‘No evidence’ imported frozen semen cause of mycoplasma outbreak

Key points

  • MPI has confirmed no evidence that of resistance to mycoplasma in imports of bovine semen.

  • World Wide Sires – marketing arm of the largest dairy farmer owned cooperative in the world Select Sires/Accelerated Genetics – reinforce all bulls and semen free of the disease.

The New Zealand arm of the largest dairy farmer owned cooperative in the world – and one of the globe’s major semen companies – is pleased MPI has confirmed there is no evidence that resistance has developed to mycoplasma in imported bovine semen*.

World Wide Sires New Zealand General Manager, Hank Lina, said the company – along with other importers of bovine semen – have been working with MPI to isolate and identify the source of the outbreak.

“We sell more than 19m straws of semen to 80 countries around the world and, over several decades, have developed semen production and processing procedures which are amongst the most rigorous in the world. They need to be because farmer confidence is at stake and we would never jeopardise that trust – they have to know that our product is safe.

“MPI’s validation that imported semen was not the cause of the mycoplasma outbreak is bitter sweet – we’re naturally delighted to have this confirmation of our standards and systems but our hearts go out to the Van Leeuwen family who are living through a farmer’s worst nightmare.”

Hank Lina said Select Sires initiated research on fresh semen programmes nearly two decades ago.

“At the time, we were frustrated at the variability, which existed among laboratories, in their ability to grow and culture mycoplasma and the long interval necessary for results when it was assessed by culture.

“Around seven years ago we were fortunate to come into contact with Kristina McDonald, a microbiologist of some renown, who wanted to make the identification of M.bovis the central theme of her PhD because that is one of the more pathogenic strains of microplasma. Select Sires sponsored that research.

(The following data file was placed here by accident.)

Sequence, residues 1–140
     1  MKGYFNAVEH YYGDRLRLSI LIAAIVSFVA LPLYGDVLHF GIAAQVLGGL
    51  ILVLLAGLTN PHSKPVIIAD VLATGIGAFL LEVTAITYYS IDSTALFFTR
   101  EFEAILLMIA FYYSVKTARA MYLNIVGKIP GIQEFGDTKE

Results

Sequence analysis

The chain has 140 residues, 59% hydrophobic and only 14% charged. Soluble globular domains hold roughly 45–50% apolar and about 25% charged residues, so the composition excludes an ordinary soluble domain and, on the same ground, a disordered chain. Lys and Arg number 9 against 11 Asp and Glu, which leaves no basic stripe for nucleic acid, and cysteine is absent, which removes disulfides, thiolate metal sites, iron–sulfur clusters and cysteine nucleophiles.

“Dr McDonald’s PhD made use of modern PCR based techniques to detect mycoplasma bovis in semen. She developed efficient methods for growth, culture, DNA extraction, and PCR based detection.

“No evidence of mycroplasma bovis was found in any of Select Sires’ 1700 bull team either during the research programme, or since.”

“The extender we use for frozen semen is made from homogenized, pasteurised whole milk and glycerol. Antibiotics including Gentamicin, Tylosin, Lincomycin, and Spectinomycin provide a secondary line of defense against seminal contamination as well as primary action against mycoplasma, ureaplasma, and Haemophilus somnus.

Hank Lina commended MPI on the depth of the investigation they were undertaking to identify and isolate the outbreak.

“Along with other semen companies, we were required to provide batch numbers and details of all bovine semen imported to New Zealand and potentially supplied to the Leeuwen group. No stone was left unturned meaning their eventual validation was well received – but the investigation also provided insight to the disciplines and expertise which exist in this country to protect our industry from incursions of disease which have affected so many other countries around the world,” Hank Lina said.



Email from Angela Snell, Senior Advisor for MPI’s Animal Imports Team (dated 3 August) -

  • “the Animal Imports team has reassessed the risk of Mycoplasma bovis entry in imported semen. The rapid spread of this organism to many countries during the 1970s to 1990s is considered to have been due to the movement of infected animals, and there has been little recent research on other potential routes of transmission. There is a strong international view that semen can become contaminated if infection is present on the bull’s reproductive tract at the time of collection. However, when standard collection hygiene is practised, reports indicate that bacteria are not observed in semen. While there are several references in the literature that show that M. bovis can be demonstrated in semen and that it can remain viable when frozen for long period, there is little scientific information suggesting this as a route of transmission to cows.

  • Our trading partners export semen from

that have long standing practices, operating under strict standards, to control for all sources of contamination. Various combinations of antibiotics have been demonstrated to kill Mycoplasma contaminants in semen. These combinations are recommended by the World Organisation for Animal Health (OIE), and are reflected in the regulatory systems of our trading partners. Alternate antibiotic combinations are permitted when they are demonstrated to achieve equivalent control. Mycoplasmas are notoriously difficult to treat with antibiotics, and antibiotic resistance must be considered; however, New Zealand has been importing semen for many decades without incident and at this time there is no evidence that resistance has developed or that standard hygiene practices have been breached.

  • There are no biosecurity controls in place on imported semen or embryos and importation continues under the existing requirements of the negotiated veterinary certificates.”

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